However, the media can once again come in to save the nation. To start with, there does not appear to be enough of gate keeping by the watch-dog. Many media organizations often send to the public unedited statements made by politicians forgetting that the latter are fond of playing to the gallery. As soon as they find themselves in front of television cameras they often say and unsay. What some journalists do not appreciate is that in a law-making body, legislators have absolute privilege to say anything and the convention is that they cannot be sued for being defamatory. The media must therefore resolve on the basis of social responsibility to become more proactive in allowing their channels to be used to convey intemperate language. In this regard, there is now a need to reduce LIVE coverage of certain political events.

It is in earnest time for the press to embrace investigative journalism for the purpose of achieving the mandate of Section 22 of our constitution which directs the media to hold government accountable to the people. Every year, the brick-bats in the budget are given effective publicity; delays in submitting estimates, missing and found budget, the struggle for constituency projects in which local/state government items find their way into the federal budget etc, but the extent of implementation of the same budget leading to repeated provision annually for the same items do not get corresponding publicity.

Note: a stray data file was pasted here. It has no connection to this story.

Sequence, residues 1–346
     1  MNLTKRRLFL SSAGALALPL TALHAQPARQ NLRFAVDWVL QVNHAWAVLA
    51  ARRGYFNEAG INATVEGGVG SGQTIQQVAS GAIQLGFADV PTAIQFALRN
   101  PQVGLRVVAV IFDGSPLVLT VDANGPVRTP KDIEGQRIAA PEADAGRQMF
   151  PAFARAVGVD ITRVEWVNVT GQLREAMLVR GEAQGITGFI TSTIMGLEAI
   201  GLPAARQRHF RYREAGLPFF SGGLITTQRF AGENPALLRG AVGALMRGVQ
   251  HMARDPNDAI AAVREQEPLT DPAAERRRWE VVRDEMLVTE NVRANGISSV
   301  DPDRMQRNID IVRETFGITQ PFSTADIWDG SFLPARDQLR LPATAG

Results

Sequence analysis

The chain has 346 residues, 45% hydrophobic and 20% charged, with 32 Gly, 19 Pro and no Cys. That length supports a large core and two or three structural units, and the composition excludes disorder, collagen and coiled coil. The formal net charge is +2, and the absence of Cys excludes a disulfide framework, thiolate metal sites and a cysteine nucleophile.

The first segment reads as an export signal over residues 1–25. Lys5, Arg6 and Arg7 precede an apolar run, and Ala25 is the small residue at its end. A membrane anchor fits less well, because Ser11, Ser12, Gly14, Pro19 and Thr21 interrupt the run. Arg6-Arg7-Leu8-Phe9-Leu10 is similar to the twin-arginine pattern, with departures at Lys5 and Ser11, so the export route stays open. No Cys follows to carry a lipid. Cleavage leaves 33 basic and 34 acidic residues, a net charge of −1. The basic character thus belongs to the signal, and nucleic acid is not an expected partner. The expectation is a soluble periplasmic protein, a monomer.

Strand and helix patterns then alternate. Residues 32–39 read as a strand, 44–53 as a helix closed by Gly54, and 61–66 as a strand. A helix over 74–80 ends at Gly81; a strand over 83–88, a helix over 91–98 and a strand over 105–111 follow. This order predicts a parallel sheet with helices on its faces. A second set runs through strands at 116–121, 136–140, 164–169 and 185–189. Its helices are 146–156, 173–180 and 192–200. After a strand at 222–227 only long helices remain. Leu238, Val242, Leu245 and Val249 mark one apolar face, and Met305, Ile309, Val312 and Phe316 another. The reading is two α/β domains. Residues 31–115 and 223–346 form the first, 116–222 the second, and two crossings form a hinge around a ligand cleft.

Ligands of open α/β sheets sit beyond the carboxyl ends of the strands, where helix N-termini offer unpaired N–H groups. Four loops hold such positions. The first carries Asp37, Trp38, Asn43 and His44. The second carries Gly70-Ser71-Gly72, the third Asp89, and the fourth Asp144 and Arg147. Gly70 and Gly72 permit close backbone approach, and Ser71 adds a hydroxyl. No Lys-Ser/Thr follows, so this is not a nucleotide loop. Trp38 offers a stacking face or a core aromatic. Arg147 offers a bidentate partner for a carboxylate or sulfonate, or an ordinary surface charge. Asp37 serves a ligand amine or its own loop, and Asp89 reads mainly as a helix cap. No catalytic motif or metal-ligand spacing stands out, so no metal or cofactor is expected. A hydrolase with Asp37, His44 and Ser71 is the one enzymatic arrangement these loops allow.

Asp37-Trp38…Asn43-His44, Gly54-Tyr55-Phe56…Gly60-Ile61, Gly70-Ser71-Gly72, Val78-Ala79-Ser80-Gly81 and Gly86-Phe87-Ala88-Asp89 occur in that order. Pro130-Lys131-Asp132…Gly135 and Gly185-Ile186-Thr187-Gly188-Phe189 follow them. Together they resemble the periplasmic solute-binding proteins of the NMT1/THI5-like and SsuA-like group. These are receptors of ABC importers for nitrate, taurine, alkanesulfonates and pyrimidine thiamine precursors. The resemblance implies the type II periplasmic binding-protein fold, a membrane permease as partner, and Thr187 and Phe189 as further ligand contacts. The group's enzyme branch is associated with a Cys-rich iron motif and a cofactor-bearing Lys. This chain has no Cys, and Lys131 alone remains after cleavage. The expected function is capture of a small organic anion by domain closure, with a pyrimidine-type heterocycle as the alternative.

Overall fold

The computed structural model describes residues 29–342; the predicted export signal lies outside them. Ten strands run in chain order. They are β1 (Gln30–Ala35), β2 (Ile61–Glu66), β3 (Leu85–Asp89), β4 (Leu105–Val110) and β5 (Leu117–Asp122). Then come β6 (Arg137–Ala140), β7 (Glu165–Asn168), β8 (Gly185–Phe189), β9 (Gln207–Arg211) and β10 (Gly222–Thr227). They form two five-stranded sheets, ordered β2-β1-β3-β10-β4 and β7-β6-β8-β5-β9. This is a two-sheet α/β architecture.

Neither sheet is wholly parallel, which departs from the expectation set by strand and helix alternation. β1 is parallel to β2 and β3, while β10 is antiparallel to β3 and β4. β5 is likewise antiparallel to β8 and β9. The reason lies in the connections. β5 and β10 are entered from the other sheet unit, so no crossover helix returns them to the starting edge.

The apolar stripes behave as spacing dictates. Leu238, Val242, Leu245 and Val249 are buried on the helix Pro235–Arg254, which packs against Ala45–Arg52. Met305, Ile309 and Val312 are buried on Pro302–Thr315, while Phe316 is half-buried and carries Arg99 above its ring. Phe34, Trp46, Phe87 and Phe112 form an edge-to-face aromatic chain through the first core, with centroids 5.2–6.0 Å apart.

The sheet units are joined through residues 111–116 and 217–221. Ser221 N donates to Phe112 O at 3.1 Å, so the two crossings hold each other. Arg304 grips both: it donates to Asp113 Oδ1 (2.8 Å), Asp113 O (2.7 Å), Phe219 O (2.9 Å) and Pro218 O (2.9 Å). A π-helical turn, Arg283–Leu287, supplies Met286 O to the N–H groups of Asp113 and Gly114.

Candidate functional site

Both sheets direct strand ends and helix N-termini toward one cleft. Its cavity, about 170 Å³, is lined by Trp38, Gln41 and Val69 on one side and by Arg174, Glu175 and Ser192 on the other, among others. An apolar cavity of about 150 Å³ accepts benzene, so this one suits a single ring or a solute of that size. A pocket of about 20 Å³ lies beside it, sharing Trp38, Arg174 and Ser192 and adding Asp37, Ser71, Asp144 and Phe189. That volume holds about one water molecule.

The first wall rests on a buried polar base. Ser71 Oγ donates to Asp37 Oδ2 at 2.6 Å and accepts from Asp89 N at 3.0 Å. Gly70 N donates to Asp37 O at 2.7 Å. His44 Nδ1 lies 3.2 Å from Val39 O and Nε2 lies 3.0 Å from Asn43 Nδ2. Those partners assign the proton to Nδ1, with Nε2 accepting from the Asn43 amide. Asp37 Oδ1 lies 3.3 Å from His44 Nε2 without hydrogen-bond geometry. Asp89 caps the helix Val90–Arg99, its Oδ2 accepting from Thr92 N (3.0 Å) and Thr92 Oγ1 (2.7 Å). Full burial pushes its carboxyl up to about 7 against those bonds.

Another area of concern is media trial. It is becoming a practice for the media to provide opportunities including the sale of advert space to one group of political interest to malign the other to the extent that some are allowed to pronounce on the alleged guilt of the other when the subject of dispute is yet to come before the judiciary. Painfully, in many cases, nothing is done by the media to premise such opportunities on their acclaimed ethical value of balance and objective. The media need to watch the trend of their being used to parade suspects before trial. Apart from the fact that to do so is capable of negating the constitutional provision which presumes every accused person innocent until proven otherwise, well after the sensational parade, no one hears anything anymore about the case in question. Quite often it dies a natural death with the press holding no one accountable.

The media ought to review all of this; but because charity ought to begin at home, we are obliged to beg our politicians to let Nigeria be.